What fiction has grown up around these facts? This—that the coming of the Lord for His saints (commonly called the “rapture”) is the first in a series of events lasting seven plus one thousand years, ending with the beginning of eternity.

Sequence of Events at the End of Time For almost 2,000 years Christendom has accepted the simply sequence of events as confessed in the Apostolic Creed:

The third day He rose again from the dead.
He ascended into heaven and is seated at the right hand of God the Father almighty.
From there He will come to judge the living and the dead.

We are now living in the inter-advental era, the time between the first coming of our lord as the Babe of Bethlehem and His second coming as the Lord of glory. The purpose of his coming shall be for judgment. Judgment always has two sides, “the blessed hope,” (Titus 2:13), and “vengeance” (2 Thessalonians 1:8). In that moment time shall be no more. All the laws of nature shall be suspended. All the dead shall rise, the believing dead in their glorious spiritual bodies. The living believers shall meet the Lord in the air with their changed bodies. All shall meet at the judgment seat of the Lord. The final separation shall take place with eternal damnation falling upon the devil, the evil angels, and all unbelievers with eternal salvation for all believers. It is for this day that the Holy Spirit taught us to pray in the concluding words of the Bible: “Even so, come, Lord Jesus” (Revelation 22:20).

In contrast to this multi-faceted event there are many who look for the “rapture” as triggering a series of events. One spokesman lists them as follows:

  1. Christ, at the rapture, takes the believers out of this world to be with Him.

  2. Christ pours out His judgments on the world during the seven-year tribulation period.

  3. Christ at the end of the tribulation period destroys the Antichrist and his followers.

  4. Christ sets up His millennial kingdom prophesied so often in the Old Testament. A break-down of events is as follows: 1. The Rapture; 2. The Tribulation; 3. The Battle of Armageddon; 4. The Judgment Seat of Christ; 5. The Marriage of the Lamb; 6. The Judgment of Nation Israel; 7. The Judgment of the Gentiles; 8. The Resurrection of the Tribulation Saints; 9. The Disposition of the Evil Ones; 10. The 1,000 Year Millennium; 11. The Final Rebellion; 12. The Great White Throne of Judgment; 13. The Earth Burns Up; and 14. The New Heavens and New Earth Appear.

Different Emphasis The traditional view, as expressed in the Apostolic Creed, concentrates the hope of the child of God on the final coming of our Lord for judgment, that is, eternal salvation or damnation. Whenever the Lord has come in times past, He has always come with salvation for His people and destruction upon His enemies. Salvation for Noah, destruction for the world; salvation for Israel, destruction for Pharaoh; destruction for hardened Israel and salvation for the Israel of God in 70 A.D. Whenever Christ comes, there is either a fall or rising (cf. Luke 1:34).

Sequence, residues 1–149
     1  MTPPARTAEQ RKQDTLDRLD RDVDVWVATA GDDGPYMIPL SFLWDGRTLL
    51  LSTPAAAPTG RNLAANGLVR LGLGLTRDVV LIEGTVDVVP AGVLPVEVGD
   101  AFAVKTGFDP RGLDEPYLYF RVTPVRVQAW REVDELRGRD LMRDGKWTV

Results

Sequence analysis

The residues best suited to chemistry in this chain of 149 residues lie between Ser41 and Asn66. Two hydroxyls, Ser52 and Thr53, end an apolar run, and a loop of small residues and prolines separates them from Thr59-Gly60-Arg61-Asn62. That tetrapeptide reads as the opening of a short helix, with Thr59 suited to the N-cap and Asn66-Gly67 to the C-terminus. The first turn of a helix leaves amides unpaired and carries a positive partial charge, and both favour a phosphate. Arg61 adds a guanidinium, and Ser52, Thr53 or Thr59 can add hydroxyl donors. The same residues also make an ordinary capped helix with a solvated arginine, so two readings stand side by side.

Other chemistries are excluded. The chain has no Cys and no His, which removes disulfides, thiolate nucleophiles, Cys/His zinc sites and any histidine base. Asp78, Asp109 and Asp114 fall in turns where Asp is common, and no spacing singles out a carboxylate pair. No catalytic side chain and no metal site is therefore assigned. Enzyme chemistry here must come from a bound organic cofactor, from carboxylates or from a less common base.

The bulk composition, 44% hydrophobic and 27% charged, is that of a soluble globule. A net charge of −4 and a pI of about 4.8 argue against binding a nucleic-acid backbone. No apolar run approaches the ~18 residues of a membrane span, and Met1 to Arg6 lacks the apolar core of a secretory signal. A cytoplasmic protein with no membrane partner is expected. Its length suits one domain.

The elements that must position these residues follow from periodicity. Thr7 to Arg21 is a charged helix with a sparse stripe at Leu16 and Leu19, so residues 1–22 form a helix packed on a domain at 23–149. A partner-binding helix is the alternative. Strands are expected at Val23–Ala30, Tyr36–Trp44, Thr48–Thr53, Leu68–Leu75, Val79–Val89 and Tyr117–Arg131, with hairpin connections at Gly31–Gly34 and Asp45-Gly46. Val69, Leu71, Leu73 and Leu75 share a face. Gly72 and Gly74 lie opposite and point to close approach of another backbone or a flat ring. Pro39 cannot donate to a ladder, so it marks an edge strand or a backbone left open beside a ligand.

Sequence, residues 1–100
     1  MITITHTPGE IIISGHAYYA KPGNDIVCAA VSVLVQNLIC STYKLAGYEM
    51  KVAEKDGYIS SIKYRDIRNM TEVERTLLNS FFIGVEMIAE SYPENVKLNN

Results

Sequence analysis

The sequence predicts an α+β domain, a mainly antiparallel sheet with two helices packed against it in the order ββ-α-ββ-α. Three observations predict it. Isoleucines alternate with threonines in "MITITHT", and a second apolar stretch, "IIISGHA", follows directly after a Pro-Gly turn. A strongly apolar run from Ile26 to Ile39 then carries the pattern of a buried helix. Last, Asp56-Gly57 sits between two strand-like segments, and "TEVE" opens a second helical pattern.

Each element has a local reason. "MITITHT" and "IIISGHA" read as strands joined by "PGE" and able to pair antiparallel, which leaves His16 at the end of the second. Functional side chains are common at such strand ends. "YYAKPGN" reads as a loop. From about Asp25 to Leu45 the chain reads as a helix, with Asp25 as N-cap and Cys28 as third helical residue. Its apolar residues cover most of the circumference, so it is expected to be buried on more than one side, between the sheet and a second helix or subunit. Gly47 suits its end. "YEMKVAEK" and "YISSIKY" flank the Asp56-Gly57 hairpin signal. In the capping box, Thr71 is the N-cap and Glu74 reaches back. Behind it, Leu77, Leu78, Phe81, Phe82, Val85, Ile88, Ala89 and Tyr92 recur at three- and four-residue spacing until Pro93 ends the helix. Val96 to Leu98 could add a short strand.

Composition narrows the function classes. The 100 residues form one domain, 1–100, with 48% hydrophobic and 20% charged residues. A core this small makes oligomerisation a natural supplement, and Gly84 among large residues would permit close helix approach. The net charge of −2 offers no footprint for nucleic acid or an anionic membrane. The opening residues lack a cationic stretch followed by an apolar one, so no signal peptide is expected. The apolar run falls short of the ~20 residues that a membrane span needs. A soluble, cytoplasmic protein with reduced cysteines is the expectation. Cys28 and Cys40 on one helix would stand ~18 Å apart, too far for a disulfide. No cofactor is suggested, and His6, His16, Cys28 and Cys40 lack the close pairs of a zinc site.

The second viewpoint, which is generally called “pre-trib and pre-millennial,” pictures our Lord as coming before the alleged seven year period of the “great tribulation.” This coming is pictures as a coming FOR His saints. It is not a coming to this earth, for the saints shall meet the Lord in the air. Thereafter the Lord shall come WITH His saints in glory to set up His 1,000 year reign on the earth. This view features multiple comings of our Lord, multiple judgments, multiple resurrections, a Christ-arranged cop-out for the saints, a second humiliation for our glorified Lord, and the hope of glory for the saints here on this earth.

This view, featuring an escape from tribulation and glory on earth, parallels the false hope of the Jews at the time of our lord’s first coming. It has been condemned by the Lutheran Church in Article XVII of the Augsburg Confession.

The Key Problem The key problem is one of hermeneutics, that is, the proper way to interpret Holy Scripture. Both sides in this dispute believe in verbal, plenary (full) inspiration of the Bible. Both accept the inerrancy and the infallibility of the Scriptures. The one side holds to a literal interpretation of prophecy, while the other side believes such a literal interpretation is often false to the text, thus completely perverting prophecy. In prophecy Kingdom truths are frequently expressed in images of all kinds. One must be careful not to confuse the shell with the kernel. In forthcoming sessions we shall endeavor to let Scripture explain itself as we consider various facets of the doctrines of eschatology.